Nearly 1 in 5 Americans age 65 and older are still punching the clock.
A growing number of American seniors are pushing off retirement. In fact, with nearly 20 percent of retirement-age Americans (ages 65 and older) still punching a time clock, the United States has more workers in this age group now than it has since the early 1960s before Medicare was enacted.
Why? For many, it boils down to need. Roughly half of retirement-age Americans who are spending their golden years in the workplace said they are putting off retirement because they really need a paycheck, Bloomberg reports. That was the finding of this retirement survey, conducted by the Transamerica Center for Retirement Studies. Says Bloomberg:
The financial crisis, and the tech bust before it, devastated many baby boomers’ retirement savings. That’s if they had any to begin with. Today, 60 percent of U.S. households have no money in a 401(k) or similar retirement account, and the benefits of 401(k)s are skewed toward the wealthiest Americans….
Considering the dismal reality of many Americans’ retirement savings accounts, it’s really no surprise that so many older Americans are working into their golden years.
Some Americans also continue working in retirement because they’re uncertain about spending their 401(k) assets. It’s a shift from the traditional defined-benefit pension system, which provided retirees with a monthly check.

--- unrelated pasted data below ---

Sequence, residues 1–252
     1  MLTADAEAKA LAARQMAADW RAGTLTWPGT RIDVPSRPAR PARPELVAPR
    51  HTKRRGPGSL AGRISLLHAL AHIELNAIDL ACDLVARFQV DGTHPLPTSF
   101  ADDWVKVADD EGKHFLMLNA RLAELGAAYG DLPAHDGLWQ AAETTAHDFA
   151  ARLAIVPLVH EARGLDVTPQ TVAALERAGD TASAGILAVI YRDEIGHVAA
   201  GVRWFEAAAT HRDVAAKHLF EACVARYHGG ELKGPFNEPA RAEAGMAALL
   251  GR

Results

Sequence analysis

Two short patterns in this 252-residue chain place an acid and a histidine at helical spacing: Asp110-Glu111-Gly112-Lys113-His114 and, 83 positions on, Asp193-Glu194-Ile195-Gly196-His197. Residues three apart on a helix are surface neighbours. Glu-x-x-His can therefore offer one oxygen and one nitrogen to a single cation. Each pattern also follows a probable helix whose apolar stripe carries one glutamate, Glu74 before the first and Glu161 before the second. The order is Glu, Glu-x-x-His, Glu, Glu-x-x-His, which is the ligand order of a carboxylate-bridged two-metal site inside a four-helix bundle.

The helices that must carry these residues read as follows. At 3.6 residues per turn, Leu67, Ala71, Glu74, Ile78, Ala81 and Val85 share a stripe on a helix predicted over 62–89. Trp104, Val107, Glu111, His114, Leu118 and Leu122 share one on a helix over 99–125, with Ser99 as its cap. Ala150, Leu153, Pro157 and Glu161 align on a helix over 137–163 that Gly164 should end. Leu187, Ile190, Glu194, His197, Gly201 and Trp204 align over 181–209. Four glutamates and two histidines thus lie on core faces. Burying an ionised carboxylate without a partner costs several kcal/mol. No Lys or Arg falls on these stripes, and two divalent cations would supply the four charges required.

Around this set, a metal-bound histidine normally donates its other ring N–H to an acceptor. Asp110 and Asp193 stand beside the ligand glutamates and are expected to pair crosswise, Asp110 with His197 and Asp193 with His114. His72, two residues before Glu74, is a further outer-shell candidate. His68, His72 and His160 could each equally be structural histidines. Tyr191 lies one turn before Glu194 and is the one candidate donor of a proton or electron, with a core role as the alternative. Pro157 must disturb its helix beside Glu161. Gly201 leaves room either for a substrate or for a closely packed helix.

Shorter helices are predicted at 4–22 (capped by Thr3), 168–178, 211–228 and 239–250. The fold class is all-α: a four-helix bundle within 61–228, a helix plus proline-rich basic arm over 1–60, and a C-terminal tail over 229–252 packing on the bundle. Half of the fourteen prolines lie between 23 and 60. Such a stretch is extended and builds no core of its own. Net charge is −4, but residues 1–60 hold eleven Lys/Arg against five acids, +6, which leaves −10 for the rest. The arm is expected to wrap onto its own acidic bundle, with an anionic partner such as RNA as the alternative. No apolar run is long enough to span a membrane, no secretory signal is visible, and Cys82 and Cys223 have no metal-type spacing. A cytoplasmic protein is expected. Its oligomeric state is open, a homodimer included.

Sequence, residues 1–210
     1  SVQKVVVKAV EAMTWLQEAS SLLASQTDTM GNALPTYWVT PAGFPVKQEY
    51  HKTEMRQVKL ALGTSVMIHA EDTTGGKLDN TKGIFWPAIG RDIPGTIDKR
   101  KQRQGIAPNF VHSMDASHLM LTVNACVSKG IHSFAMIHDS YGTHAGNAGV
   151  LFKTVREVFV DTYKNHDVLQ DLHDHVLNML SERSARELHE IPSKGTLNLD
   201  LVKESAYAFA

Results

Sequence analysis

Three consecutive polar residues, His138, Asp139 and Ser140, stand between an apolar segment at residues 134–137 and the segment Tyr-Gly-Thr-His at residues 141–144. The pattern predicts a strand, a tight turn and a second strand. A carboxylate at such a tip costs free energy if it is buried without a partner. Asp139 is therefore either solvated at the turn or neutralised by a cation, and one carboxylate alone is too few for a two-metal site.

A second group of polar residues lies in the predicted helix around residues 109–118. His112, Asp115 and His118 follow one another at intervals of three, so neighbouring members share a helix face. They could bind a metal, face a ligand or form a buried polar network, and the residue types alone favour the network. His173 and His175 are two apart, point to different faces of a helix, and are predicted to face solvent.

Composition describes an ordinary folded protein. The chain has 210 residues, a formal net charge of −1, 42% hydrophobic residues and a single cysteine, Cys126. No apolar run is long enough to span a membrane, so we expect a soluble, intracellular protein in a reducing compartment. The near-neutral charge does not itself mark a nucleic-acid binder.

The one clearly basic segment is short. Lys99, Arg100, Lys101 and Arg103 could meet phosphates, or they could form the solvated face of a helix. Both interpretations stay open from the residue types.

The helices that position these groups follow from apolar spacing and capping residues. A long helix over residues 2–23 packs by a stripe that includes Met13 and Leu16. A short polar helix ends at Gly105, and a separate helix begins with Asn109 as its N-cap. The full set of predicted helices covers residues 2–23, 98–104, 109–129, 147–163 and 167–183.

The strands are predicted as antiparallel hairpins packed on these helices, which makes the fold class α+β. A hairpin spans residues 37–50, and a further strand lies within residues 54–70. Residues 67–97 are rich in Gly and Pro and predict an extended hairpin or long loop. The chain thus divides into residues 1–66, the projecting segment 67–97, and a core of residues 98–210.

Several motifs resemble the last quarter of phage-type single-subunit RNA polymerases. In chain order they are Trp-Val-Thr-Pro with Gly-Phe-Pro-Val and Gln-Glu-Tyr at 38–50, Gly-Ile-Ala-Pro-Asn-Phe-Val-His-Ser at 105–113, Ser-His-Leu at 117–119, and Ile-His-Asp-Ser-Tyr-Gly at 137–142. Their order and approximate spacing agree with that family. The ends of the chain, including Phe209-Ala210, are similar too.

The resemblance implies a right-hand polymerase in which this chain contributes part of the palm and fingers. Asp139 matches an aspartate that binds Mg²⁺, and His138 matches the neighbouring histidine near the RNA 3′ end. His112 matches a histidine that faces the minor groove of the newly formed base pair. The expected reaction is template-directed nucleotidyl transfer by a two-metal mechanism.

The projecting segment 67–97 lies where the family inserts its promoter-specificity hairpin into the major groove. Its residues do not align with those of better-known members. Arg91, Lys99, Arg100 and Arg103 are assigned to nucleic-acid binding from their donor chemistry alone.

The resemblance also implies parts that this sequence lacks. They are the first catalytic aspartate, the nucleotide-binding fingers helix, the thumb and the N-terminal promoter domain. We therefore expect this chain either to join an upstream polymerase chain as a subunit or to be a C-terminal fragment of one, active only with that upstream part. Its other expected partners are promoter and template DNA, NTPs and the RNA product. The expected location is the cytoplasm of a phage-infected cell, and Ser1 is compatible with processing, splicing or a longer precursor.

“The ups and downs of the market can heighten their anxiety and keep them going into the office,” Bloomberg explains.
This may come as a surprise to those of you who are counting down the days until you can retire and live out the rest of your days golfing, traveling or playing with your grandkids, but 36 percent of respondents in Transamerica’s retirement survey said they’re still putting in time at the office because they like their jobs and like staying involved.
If you’re short on retirement savings and you’re planning on working in your golden years to make up for it, you may be putting the financial security of your retirement years at risk.
Half of retirees were forced to leave work earlier than anticipated last year, Money reports. Health issues, caregiving responsibilities and company restructuring are common reasons for an early departure from the workforce. Check out “Will Working Longer Rescue Your Retirement?”
Do you want to make sure you have enough money to retire? Check out “6 Ways to Ensure Enough Money for Retirement.”
Are you a retirement-age American who is still working? Share your work experiences and the reasons you’ve opted to continue working below or on our Facebook page.